Revamping the Entrepreneurship Curriculum

Shannon Beeman
April 9, 2012

This is the reign of entrepreneurship. Even staid universities are being transformed. A recent Kauffman Foundation study revealed that today, over 1,500 U.S. colleges and universities offer some form of entrepreneurship training, whereas only a handful did just 15 years ago. However, as quickly as university entrepreneurial programs proliferate, students’ expectations from them are also morphing.

Historically, university entrepreneurial programs have generally started in business schools and met the needs of those students wanting to launch a business, rather than join an existing one. These programs quickly expanded to include engineers and scientists who wanted to commercialize their high-tech gizmos. The entrepreneurial programs delivered on the students’ desires by teaching how to start and build a business. But something is changing on university campuses. There’s a new generation of students with very different views of their futures. They want careers with meaning and they want to study what they are passionate about. They want to learn how to earn a living from those passions.

Unlike the previous generation of students, this generation is not coming to entrepreneurship programs with solid business ideas; these students are coming with only newfound knowledge and interests. This greatly shifts their expectations and needs. While commencing an entrepreneurial-education program with a business-plan course made perfect sense to students coming in with solid business ideas, it makes no sense for this new generation of students with few businesses to launch. These students need to learn the complete entrepreneurial arch that spans from capabilities on one shore to an ongoing business on the other side.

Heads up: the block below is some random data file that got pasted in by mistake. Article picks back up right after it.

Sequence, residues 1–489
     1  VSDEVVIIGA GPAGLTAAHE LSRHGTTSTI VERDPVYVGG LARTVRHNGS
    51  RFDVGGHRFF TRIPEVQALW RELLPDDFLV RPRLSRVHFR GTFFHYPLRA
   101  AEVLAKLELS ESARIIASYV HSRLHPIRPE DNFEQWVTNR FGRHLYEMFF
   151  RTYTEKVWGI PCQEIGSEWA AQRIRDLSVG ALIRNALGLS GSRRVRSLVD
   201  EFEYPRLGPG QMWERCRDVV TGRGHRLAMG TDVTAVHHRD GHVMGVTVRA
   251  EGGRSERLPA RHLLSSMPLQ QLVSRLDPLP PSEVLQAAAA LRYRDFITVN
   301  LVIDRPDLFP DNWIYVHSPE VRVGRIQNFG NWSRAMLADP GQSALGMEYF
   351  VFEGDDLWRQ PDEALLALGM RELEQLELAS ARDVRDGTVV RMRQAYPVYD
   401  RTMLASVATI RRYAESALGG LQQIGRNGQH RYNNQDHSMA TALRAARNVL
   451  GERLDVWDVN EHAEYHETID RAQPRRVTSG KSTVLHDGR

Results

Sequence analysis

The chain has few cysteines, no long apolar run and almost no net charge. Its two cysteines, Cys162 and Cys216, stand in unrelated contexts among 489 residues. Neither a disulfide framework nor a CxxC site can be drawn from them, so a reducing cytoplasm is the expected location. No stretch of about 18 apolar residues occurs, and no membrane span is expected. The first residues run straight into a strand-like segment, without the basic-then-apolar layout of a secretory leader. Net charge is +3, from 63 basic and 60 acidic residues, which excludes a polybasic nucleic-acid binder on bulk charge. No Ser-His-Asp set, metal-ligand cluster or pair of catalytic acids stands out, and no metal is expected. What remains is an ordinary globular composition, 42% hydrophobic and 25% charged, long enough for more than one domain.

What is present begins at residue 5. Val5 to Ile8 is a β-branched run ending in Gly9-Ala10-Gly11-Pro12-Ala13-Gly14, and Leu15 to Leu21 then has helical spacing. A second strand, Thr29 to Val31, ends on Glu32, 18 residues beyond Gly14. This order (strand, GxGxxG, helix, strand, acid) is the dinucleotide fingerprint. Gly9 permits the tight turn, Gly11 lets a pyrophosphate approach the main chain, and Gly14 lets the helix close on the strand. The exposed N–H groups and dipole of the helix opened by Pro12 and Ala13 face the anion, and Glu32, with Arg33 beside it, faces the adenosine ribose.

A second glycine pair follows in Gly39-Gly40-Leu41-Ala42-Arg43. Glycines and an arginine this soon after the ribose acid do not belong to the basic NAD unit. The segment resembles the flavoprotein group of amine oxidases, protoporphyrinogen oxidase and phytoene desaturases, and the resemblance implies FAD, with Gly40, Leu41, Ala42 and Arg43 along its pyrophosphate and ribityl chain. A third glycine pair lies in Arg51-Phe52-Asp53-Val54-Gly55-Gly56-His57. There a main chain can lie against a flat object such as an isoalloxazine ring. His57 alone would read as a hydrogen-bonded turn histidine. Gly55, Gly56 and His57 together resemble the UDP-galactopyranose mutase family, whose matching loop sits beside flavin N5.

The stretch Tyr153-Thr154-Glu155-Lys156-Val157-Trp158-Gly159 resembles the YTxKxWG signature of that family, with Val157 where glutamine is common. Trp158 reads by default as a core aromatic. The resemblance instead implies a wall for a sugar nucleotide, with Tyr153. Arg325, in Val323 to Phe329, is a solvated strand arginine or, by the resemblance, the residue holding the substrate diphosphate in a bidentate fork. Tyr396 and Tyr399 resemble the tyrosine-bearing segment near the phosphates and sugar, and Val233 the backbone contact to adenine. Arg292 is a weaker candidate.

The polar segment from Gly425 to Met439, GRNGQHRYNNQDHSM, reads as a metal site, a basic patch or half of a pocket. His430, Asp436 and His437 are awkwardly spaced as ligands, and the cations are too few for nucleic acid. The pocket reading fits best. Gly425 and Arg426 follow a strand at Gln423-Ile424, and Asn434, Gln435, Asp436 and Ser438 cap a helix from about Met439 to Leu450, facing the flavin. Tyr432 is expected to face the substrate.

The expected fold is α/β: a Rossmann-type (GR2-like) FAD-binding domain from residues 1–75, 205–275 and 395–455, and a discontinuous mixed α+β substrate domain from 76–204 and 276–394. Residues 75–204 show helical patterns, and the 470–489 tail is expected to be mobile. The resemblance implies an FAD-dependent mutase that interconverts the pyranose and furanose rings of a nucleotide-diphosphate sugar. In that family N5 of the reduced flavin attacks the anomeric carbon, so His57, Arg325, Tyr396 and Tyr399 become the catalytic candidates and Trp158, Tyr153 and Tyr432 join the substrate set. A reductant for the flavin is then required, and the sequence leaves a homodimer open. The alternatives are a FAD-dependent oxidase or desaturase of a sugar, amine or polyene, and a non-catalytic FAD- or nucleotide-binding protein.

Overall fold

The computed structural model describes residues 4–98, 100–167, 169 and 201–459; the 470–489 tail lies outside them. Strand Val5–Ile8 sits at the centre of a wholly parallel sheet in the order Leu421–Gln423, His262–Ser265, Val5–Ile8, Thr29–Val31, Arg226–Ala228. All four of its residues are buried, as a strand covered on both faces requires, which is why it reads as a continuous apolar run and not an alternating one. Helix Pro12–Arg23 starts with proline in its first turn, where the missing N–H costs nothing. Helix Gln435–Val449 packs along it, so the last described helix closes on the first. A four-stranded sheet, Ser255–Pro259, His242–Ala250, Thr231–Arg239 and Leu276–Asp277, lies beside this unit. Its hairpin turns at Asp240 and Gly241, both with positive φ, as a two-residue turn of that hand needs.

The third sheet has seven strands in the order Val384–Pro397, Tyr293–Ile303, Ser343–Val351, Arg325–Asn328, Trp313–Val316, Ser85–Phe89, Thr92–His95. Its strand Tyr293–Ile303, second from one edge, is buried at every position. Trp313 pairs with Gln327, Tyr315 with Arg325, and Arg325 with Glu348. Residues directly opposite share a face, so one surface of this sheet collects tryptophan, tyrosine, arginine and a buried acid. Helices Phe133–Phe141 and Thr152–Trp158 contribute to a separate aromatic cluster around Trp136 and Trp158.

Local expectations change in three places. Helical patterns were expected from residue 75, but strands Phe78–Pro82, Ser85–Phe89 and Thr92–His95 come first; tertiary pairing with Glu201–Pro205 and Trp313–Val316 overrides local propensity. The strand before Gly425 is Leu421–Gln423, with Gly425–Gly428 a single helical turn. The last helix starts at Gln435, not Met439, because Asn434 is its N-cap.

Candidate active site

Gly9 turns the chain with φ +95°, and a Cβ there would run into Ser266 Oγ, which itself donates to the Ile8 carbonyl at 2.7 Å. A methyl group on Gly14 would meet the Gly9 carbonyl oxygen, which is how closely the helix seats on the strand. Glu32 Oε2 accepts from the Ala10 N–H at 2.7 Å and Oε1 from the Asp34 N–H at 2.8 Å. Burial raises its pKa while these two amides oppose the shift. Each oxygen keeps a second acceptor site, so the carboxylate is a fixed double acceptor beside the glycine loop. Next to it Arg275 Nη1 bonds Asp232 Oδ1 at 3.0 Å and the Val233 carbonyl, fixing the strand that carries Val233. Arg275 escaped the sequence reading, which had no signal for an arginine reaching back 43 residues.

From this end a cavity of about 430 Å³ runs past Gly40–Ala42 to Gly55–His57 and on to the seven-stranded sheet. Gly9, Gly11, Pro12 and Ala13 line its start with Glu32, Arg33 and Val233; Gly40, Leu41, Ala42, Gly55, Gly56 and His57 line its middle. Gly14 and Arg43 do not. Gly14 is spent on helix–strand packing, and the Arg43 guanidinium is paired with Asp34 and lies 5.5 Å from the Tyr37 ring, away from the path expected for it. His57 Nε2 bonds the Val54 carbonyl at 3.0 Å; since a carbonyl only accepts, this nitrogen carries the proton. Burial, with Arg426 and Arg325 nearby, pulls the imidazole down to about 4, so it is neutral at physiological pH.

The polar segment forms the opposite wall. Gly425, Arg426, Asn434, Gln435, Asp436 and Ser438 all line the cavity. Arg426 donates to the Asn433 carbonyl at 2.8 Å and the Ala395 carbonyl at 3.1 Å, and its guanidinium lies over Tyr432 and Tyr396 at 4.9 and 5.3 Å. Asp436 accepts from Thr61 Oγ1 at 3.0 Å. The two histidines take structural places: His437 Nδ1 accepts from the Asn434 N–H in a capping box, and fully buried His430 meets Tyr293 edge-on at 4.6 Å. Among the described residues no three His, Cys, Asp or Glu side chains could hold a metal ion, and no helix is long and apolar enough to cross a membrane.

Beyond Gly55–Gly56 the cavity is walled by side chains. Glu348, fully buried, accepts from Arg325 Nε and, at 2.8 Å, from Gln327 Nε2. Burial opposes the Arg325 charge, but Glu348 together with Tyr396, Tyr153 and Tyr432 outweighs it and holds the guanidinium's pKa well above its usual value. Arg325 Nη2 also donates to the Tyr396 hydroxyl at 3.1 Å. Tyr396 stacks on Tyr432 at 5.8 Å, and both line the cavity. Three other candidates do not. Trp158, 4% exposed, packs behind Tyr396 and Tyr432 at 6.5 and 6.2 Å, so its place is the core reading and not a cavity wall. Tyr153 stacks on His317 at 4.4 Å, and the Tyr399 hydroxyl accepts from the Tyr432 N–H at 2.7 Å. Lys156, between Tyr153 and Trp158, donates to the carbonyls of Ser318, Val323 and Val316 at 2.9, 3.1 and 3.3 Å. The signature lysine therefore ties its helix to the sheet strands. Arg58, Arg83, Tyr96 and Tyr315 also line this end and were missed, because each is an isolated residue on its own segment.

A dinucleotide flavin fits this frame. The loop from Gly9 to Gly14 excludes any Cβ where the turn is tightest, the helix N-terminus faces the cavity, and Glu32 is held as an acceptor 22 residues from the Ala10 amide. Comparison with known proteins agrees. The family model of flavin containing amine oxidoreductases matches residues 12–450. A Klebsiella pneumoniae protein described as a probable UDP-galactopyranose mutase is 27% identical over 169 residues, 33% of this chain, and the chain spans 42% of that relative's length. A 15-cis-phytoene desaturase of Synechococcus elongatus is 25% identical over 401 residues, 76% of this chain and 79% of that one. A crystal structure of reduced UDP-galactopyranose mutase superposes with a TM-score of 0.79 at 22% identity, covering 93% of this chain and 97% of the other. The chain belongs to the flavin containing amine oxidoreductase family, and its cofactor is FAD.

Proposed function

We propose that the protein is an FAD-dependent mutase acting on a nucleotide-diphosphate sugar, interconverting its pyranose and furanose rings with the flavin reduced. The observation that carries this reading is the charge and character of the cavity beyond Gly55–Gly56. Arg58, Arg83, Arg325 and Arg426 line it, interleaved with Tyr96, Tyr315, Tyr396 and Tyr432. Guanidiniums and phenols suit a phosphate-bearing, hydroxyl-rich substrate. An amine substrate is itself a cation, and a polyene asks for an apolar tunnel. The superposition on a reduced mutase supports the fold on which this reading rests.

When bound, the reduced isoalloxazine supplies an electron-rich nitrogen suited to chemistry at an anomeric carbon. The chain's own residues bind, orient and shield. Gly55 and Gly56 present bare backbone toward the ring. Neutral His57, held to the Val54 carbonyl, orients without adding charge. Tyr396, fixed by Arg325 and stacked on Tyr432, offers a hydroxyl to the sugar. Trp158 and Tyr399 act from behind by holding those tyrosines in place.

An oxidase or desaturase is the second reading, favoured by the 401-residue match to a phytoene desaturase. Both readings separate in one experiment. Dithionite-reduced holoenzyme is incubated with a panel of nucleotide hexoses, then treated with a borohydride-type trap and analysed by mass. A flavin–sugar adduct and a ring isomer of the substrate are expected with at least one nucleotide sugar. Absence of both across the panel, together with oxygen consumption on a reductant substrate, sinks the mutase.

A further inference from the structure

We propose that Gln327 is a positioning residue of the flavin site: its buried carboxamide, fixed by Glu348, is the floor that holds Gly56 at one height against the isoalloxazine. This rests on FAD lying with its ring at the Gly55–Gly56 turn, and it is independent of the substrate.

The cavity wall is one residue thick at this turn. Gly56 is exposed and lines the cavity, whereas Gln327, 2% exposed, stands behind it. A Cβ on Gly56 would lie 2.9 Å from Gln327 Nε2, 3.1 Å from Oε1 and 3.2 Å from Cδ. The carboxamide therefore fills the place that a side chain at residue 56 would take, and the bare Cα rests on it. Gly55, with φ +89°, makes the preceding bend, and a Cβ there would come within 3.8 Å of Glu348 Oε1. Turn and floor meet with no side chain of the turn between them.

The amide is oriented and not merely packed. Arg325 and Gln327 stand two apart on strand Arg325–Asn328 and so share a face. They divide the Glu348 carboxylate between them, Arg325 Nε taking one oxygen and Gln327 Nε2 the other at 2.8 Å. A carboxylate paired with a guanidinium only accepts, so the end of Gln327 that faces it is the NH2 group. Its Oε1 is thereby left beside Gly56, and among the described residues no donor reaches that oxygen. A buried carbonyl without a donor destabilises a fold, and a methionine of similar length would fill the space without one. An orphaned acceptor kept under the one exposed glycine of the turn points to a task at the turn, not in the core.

Building from the capability footing of the arch requires first identifying an opportunity that’s actually feasible, given one’s resources and abilities. The next block in the arch is designing a business that exploits that opportunity. A feasibility study then needs to be done to see if this business meets the aspirations of the founders and any investors that may be required. Once a new venture is deemed feasible (or the conditions of that feasibility determined), one then traverses to the right side of the entrepreneurial arch, to the familiar elements more typical in classic entrepreneurial education: creating a business model and business plan, finding the human resources and financial capital needed to start the business, and managing the growth of the new venture.

Creating courses and entrepreneurial skill-building programs on the left-hand side of the entrepreneurial arch was not necessary for the previous generation of students who came to entrepreneurial programs with exciting new business ideas, but is essential for the current generation.  As a result, these pre-business planning entrepreneurial skills—opportunity identification, business design, and business assessment—are largely missing from most entrepreneurship curriculums.

We need to teach students how to create differentiated businesses from their differentiated capabilities, building upon their own unique knowledge bases and what they came to the university to study.  Business is the vehicle for creating and capturing value from your capabilities.  The discussion about how to leverage your capabilities to create value for the world should not start with the vehicle, but with your capabilities.  That is what students are passionate about, and that’s what they came to the institutions of higher learning to deepen their knowledge about.

Business schools like the University of Michigan’s Ross School of Business, with the help of successful serial entrepreneurs and alumni, are demonstrating how this can be done across a dynamic university.  While expanding entrepreneurial curriculum satisfies the needs of this generation of students, it also moves entrepreneurial programs significantly beyond “extracurricular” student activities and a few elective courses.  Staid institutions of higher learning must manage to sustain these transformations for the good of their graduates and the global economy.

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